Millennium Gallery / National Museum of Theater and Dance / Foz Palace
From 14 July to 29 September
In 1917, when introducing “the extraordinary Modern Art achievements” performed by the Ballets Russes to Portugal Futurista as they began their season in Lisbon in that same year, Almada Negreiros described them as “the biggest victory of modern European civilization”.
Between scandal and admiration, emulation and rejection, Sergei Diaghilev’s Ballets Russes were among the most innovative experiments in early twentieth century artistic creativity. In the creative volcano of the modernist experiments, Diaghilev developed an art programme revolving around dance while drawing upon choreographers, dancers, composers, visual artists, libretto writers and set designers. If modern dance represents the spirit of a certain modernity in a vortex, encapsulated, according to Baudelaire in the “transient, fleeting, contingent” formula, the Ballets Russes showcased total modernity. Devoted to the fusion of the archaic and the avant-garde, they signaled the transitory and the immovable which today articulates modern thought. From the arts of motion to fashion design, from music to sculpture, from set design to painting, from the decorative arts to the cinema, the Ballets Russes constitute a paradigm of the mutually illuminating project that is found in a modernity which still always remains incomplete.
The exhibition “The Ballets Russes: Modern times after Diaghilev” celebrates the centenary of the Lisbon season by problematising the artistic modernity of Sergei Diaghilev’s project and summoning contemporary artists.
The exhibition correspondingly focuses on three core sections:
- celebrating the troupe’s Portuguese saison, at the Museu Nacional do Teatro e Dança, entitled Ballets Russes in Portugal;
- the perennial nature of the incomplete project of the modernities that it encapsulates, expressed in the Ballets Russes’ Modernisms and Modern Times collection exhibited at the Galeria Millenium, and particularly in the original costumes of L’Après-Midi d’un Faune and Le Sacre du Printemps, which go on display for the first time in Portugal;
- and Ballets Russes After Hours that revolves around the commissions made to two Portuguese artists, whose proposals continue the incomplete dialogue of modernity in our time, showcasing works that derive from a visual arts project at Galeria Millenium and a choreography/performance at Palácio Foz.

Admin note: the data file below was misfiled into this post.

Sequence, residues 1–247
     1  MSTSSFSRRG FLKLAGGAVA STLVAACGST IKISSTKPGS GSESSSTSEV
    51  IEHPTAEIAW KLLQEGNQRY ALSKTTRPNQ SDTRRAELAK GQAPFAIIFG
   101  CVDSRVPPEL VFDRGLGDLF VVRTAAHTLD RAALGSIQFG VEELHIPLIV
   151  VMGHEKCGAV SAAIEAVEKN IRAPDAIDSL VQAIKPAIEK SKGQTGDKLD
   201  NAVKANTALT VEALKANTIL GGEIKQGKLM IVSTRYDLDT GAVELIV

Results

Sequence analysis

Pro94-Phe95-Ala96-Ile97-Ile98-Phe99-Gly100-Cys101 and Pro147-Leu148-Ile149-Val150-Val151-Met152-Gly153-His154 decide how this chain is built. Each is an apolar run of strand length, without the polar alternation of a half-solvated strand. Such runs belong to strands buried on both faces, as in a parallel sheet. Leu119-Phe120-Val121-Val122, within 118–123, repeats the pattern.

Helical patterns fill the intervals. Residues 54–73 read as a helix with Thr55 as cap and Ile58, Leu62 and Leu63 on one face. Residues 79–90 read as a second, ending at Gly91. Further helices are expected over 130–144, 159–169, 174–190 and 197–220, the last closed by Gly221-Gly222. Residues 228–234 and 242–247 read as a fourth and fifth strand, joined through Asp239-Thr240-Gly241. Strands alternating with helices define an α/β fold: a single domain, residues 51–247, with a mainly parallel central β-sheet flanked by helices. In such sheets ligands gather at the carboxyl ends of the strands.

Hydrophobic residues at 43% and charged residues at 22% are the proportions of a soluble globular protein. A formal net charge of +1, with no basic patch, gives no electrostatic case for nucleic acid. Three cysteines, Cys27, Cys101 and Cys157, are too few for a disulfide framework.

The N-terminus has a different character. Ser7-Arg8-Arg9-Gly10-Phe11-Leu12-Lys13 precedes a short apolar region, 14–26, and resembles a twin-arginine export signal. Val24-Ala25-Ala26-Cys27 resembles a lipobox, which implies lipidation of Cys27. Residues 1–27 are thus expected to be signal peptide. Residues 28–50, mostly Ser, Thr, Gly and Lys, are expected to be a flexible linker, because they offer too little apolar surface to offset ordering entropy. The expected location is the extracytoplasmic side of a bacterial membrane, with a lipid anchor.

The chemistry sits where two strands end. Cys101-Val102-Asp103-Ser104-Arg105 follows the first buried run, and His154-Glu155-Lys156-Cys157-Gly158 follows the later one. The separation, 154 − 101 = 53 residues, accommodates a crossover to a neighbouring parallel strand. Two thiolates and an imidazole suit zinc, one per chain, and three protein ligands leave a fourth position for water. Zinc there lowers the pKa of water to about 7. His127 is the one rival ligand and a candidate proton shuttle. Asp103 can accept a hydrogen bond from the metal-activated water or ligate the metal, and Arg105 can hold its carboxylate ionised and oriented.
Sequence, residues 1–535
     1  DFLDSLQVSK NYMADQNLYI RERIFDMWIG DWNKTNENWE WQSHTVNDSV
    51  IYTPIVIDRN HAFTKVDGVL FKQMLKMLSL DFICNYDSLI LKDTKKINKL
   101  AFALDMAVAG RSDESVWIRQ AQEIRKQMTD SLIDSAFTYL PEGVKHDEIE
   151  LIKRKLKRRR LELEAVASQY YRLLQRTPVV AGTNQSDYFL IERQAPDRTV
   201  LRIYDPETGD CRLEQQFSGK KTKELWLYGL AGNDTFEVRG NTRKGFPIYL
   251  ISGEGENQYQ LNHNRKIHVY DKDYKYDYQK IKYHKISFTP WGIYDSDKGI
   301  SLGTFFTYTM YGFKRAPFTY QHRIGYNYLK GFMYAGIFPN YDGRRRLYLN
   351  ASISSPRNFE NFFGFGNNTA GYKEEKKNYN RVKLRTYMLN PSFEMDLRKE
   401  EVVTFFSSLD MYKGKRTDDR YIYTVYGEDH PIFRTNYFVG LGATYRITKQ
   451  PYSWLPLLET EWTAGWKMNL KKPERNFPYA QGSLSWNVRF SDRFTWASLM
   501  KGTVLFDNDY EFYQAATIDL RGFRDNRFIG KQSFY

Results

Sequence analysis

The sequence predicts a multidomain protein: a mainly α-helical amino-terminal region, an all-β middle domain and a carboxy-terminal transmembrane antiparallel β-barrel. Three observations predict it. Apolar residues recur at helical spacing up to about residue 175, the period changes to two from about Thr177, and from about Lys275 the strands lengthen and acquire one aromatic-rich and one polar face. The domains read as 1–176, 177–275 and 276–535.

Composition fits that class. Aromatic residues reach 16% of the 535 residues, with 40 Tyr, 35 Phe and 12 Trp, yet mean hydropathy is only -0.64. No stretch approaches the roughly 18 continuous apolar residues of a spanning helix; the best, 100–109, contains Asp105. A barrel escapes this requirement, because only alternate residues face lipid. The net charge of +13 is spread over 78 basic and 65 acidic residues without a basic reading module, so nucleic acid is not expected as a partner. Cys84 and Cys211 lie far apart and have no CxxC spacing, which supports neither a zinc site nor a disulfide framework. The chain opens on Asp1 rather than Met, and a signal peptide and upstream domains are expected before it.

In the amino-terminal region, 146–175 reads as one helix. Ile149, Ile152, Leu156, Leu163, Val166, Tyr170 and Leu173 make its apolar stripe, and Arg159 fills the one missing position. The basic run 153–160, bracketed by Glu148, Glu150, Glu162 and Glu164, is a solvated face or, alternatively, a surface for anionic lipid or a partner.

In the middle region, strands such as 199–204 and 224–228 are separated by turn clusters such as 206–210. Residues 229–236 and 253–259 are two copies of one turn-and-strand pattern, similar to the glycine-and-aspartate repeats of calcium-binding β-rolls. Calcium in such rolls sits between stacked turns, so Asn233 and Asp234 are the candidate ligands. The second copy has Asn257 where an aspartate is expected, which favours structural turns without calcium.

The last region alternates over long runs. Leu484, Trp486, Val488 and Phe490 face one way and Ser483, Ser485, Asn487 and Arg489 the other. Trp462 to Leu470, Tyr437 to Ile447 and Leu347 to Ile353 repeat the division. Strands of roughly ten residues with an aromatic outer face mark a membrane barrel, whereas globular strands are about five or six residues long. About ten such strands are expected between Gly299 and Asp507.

Exhibition Data Sheet:
Os Ballets Russes: Modernidade após Diaghilev | The Modern times after Diaghilev
Organization: The Lisbon Consortium e Centro de Estudos de Comunicação e Cultura (CECC) – Faculdade de Ciências Humanas da Universidade Católica Portuguesa | Museu Nacional do Teatro e da Dança
General Commissioner: Isabel Capeloa Gil
Curatorship: Isabel Capeloa Gil e Paulo Campos Pinto | José Carlos Alvarez | Nuno Crespo
Curatorial Assistants: Alunos do Lisbon Consortium | Students of The Lisbon Consortium Academic Program: Jorge Rodrigues | Juliana Orrego | Mary Wong | Robert Ippolito
Research Support MNTD: Ana Sofia Patrão
Executive Producer: Creative Industries Programmes by SC – Sara Cavaco
Design: Barbara Says
Vídeo Editing: Beatriz Tomás | António Chenoll Mora
MNTD Images Editing: Paulo Baptista
Loan Organizations: Dansemuseet | Maison de la Danse, Lyon | Meissen Porcelain Museum | Museu Nacional de Arte Contemporânea do Chiado | Museu Nacional do Teatro e da Dança
International Transport: Feirexpo | Iterartis
Insurance: Lusitânia Seguros
Venues & Datas | Date:
Museu Nacional do Teatro e da Dança – 26.07 – 29.09
Galeria Millennium – 14.07 – 29.09
Palácio Foz – 17H30-18H45 | 5.30pm – 6.45pm | 13.07 & 16H-17H15 | 4pm – 5.15pm |14.07 – Setembro| September – To be announced
Sponsorship: Fundação Millennium BCP
Production Support: ASUS | Hotel 3K Europa | Internacional Design Hotel | Lusitânia Seguros
Communication Support: Câmara Municipal de Lisboa
Agradecimentos: Presidência de Conselho de Ministros – Cedência Palácio Foz | Pedro Bruno Lima